Atlantic Goliath Grouper
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Atlantic Goliath Grouper
Atlantic goliath grouper
Scientific classification
Kingdom: Animalia
Phylum: Chordata
Class: Actinopterygii
Order: Perciformes
Family: Serranidae
Genus: Epinephelus
Species: E. itajara
Binomial name
Epinephelus itajara
(Lichtenstein, 1822)

The Atlantic goliath grouper or itajara (Epinephelus itajara), also known as "jewfish",[2] is a large saltwater fish of the grouper family found primarily in shallow tropical waters among coral and artificial reefs at depths from 5 to 50 m (16 to 164 ft). Its range includes the Florida Keys in the US, the Bahamas, most of the Caribbean and most of the Brazilian coast. On some occasions, it is caught off the coasts of the US states of New England off Maine and Massachusetts. In the eastern Atlantic Ocean, it occurs from the Congo to Senegal.


Young Atlantic goliath grouper may live in brackish estuaries, oyster beds, canals, and mangrove swamps, which is unusual behavior among groupers.

Atlantic goliath grouper

They may reach extremely large sizes, growing to lengths up to 2.5 m (8.2 ft) and can weigh as much as 360 kg (790 lb). The world record for a hook-and-line-captured specimen is 308.44 kg (680.0 lb), caught off Fernandina Beach, Florida, in 1961.[3] They are usually around 180 kg (400 lb) when mature. Considered of fine food quality, Atlantic goliath grouper were a highly sought-after quarry for fishermen. It is a relatively easy prey for spear fishermen because of the grouper's inquisitive and generally fearless nature. They also tend to spawn in large aggregations, returning annually to the same locations. This makes them particularly vulnerable to mass harvesting while breeding.[4]

Until a harvest ban was placed on the species, its population was in rapid decline. The fish is entirely protected from harvest and is recognized as a critically endangered species by the IUCN.[1] The US began protection in 1990, and the Caribbean in 1993. The species' population has been recovering since the ban; with the fish's slow growth rate, however, some time will be needed for populations to return to their previous levels.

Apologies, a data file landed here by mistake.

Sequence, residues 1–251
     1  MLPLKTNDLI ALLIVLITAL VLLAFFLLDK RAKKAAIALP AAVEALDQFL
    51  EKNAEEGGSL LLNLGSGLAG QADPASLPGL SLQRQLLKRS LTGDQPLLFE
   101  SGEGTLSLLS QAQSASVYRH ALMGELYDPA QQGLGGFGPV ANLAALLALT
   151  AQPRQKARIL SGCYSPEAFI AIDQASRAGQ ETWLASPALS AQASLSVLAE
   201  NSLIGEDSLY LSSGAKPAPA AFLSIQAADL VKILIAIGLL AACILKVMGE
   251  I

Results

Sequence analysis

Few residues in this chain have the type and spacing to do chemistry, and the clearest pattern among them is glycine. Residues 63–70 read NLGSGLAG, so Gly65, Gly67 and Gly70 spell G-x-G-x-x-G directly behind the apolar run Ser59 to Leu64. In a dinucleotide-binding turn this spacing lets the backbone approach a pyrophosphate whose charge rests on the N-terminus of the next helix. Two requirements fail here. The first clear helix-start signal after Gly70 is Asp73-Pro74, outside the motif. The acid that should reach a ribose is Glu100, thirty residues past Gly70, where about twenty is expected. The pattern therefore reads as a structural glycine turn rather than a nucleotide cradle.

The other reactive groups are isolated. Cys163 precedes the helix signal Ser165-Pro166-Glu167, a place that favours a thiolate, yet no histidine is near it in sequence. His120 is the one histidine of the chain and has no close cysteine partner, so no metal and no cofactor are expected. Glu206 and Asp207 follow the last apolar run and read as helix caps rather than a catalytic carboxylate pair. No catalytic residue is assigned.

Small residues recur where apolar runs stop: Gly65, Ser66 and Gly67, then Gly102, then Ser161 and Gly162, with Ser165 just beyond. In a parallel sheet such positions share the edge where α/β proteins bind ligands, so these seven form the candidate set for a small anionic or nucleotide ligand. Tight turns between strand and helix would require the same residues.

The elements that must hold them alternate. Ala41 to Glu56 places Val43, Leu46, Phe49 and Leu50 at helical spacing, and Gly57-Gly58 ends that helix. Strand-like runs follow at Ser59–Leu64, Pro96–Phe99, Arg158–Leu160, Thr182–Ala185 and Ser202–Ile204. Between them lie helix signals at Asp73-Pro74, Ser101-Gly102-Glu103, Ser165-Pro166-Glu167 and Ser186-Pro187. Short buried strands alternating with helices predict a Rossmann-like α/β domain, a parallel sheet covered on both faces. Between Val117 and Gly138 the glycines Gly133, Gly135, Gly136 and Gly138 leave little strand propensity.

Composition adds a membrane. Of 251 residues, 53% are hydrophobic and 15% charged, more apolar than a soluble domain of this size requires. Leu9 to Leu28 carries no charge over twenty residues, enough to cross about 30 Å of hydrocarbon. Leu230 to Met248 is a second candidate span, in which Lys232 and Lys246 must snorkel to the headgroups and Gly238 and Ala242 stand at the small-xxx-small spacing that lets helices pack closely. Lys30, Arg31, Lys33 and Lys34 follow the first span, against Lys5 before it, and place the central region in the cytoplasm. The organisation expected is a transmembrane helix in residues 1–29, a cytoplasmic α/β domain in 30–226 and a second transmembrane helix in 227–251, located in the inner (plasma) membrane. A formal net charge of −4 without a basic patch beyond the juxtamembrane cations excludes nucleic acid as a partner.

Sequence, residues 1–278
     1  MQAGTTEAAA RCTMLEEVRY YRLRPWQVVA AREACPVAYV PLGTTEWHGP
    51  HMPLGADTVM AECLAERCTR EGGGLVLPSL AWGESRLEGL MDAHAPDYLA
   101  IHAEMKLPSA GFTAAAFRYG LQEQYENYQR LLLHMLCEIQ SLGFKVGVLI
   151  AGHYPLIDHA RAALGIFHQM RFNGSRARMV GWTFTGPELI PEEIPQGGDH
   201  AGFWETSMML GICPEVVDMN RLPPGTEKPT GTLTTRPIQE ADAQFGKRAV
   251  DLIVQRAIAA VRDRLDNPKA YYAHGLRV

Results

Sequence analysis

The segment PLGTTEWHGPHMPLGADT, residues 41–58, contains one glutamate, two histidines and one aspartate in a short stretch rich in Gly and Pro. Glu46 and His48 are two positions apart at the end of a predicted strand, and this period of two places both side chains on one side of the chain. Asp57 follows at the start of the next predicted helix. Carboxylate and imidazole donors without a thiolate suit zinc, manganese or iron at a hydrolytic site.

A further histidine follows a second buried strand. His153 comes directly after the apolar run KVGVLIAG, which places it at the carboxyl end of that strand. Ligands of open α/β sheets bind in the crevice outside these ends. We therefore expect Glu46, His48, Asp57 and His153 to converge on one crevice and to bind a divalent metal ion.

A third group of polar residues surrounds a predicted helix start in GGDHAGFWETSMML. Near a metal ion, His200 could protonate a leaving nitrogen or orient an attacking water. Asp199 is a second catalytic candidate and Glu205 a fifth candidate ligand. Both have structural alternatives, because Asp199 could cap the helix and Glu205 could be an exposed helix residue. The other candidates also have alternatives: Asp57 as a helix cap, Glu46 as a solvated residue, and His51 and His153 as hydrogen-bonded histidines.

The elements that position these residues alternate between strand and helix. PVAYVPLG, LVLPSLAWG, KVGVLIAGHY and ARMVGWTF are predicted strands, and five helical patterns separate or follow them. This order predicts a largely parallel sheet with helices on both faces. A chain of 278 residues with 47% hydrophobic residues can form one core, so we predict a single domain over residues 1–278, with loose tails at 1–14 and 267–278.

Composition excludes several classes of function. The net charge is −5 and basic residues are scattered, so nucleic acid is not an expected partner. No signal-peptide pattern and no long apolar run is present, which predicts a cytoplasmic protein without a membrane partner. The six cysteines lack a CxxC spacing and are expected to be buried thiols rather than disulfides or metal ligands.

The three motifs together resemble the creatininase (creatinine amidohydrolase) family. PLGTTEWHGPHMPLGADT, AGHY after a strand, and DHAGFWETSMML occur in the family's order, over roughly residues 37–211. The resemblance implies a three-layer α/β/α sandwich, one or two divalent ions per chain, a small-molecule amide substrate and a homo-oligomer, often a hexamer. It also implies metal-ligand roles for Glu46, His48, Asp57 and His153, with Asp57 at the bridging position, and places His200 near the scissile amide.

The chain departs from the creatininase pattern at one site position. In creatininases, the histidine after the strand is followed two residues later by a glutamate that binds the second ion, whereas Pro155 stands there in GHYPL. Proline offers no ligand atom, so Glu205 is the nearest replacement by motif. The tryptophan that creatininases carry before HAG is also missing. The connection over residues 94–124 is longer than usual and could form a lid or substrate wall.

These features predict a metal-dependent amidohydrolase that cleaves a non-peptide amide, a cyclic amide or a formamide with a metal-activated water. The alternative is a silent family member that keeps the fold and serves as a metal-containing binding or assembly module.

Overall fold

Goliath groupers eat crustaceans, other fish, octopodes, young sea turtles, sharks, and barracudas. They are known to attack divers, and have even been seen attacking large lemon sharks.[]


Goliath groupers are believed to be protogynous hermaphrodites, which refer to organisms that are born female and at some point in their lifespans change sex to male. Most grouper follow this pattern, but this has not yet been verified for the goliath.[5] Males can be sexually mature at about 115 centimetres (45 in), and ages 4-6 years. Females mature around 125 centimetres (49 in), and about 6-8 years.[6]


In May 2015, the Atlantic goliath grouper was successfully bred in captivity for the first time.[7][8][9]


As with other fish, the Atlantic goliath grouper is the host of several species of parasites, including the diplectanid monogenean Pseudorhabdosynochus americanus on its gills.[10]


The Atlantic goliath grouper has been referred to as the jewfish. The name's origin is unclear, and may have referred to the flesh having a "clean" taste comparable to kosher food, been an insulting suggestion that the fish provided low quality meat and was "only fit for Jews", or that the word was simply a corruption of jawfish.[2] In 2001, the American Fisheries Society stopped using the term because of concerns that it was culturally insensitive.[2]


  1. ^ a b Craig, M.T. (2011). "Epinephelus itajara". IUCN Red List of Threatened Species. Version 2013.2. International Union for Conservation of Nature. Retrieved 2014.  Database entry includes a range map and a lengthy justification of why this species is critically endangered
  2. ^ a b c Brassfield, Mike (May 24, 2001). "Big fish get a giant name". St. Petersburg Times. Retrieved 2014. 
  3. ^ "IGFA World Record - All Tackle Records - Grouper, goliath". IGFA Online. International Game Fish Association. Retrieved 2016. 
  4. ^ Holland, Jennifer S. (2014). "Big Fish". National Geographic. 
  5. ^ "FLMNH Ichthyology Department: Goliath Grouper". Retrieved . 
  6. ^ Bullock et al. (1992). Age, Growth, and Reproduction of Jewfish Epinephelus itajara in the Eastern Gulf of Mexico. U.S. Fishery Bulletin 90 (2):243-249. Retrieved August 21, 2014.
  7. ^ Tiempo, Casa Editorial El. "Hito de la ciencia nacional: reproducen en cautiverio al mero guasa - Otras ciudades - El Tiempo". 
  8. ^ Tiempo, Casa Editorial El. "Colombianos logran salvar al mero guasa de la extinción - Ciencia - El Tiempo". 
  9. ^ "FIS - Noticias - Logran reproducir mero guasa en cautiverio". 
  10. ^ Kritsky, Delane C.; Bakenhaster, Micah D.; Adams, Douglas H. (2015). "Pseudorhabdosynochus species (Monogenoidea, Diplectanidae) parasitizing groupers (Serranidae, Epinephelinae, Epinephelini) in the western Atlantic Ocean and adjacent waters, with descriptions of 13 new species". Parasite. 22: 24. doi:10.1051/parasite/2015024. ISSN 1776-1042. PMC 4536336 Freely accessible. PMID 26272242.  open access publication - free to read

External links

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